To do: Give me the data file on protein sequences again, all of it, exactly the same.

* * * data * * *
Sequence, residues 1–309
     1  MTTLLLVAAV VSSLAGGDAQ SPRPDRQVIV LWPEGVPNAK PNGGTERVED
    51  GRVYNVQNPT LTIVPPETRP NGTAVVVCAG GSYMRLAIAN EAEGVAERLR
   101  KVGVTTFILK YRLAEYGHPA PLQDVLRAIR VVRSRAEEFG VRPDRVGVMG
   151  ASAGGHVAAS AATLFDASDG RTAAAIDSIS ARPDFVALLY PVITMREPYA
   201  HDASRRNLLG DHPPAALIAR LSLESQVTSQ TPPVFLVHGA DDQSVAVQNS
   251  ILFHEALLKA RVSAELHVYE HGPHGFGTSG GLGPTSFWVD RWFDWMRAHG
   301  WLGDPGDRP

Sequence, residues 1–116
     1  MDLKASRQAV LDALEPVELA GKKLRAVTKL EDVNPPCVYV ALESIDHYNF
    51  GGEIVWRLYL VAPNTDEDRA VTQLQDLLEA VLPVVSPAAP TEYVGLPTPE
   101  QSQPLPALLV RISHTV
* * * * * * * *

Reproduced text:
Sequence, residues 1–309
     1  MTTLLLVAAV VSSLAGGDAQ SPRPDRQVIV LWPEGVPNAK PNGGTERVED
    51  GRVYNVQNPT LTIVPPETRP NGTAVVVCAG GSYMRLAIAN EAEGVAERLR
   101  KVGVTTFILK YRLAEYGHPA PLQDVLRAIR VVRSRAEEFG VRPDRVGVMG
   151  ASAGGHVAAS AATLFDASDG RTAAAIDSIS ARPDFVALLY PVITMREPYA
   201  HDASRRNLLG DHPPAALIAR LSLESQVTSQ TPPVFLVHGA DDQSVAVQNS
   251  ILFHEALLKA RVSAELHVYE HGPHGFGTSG GLGPTSFWVD RWFDWMRAHG
   301  WLGDPGDRP

Sequence, residues 1–116
     1  MDLKASRQAV LDALEPVELA GKKLRAVTKL EDVNPPCVYV ALESIDHYNF
    51  GGEIVWRLYL VAPNTDEDRA VTQLQDLLEA VLPVVSPAAP TEYVGLPTPE
   101  QSQPLPALLV RISHTV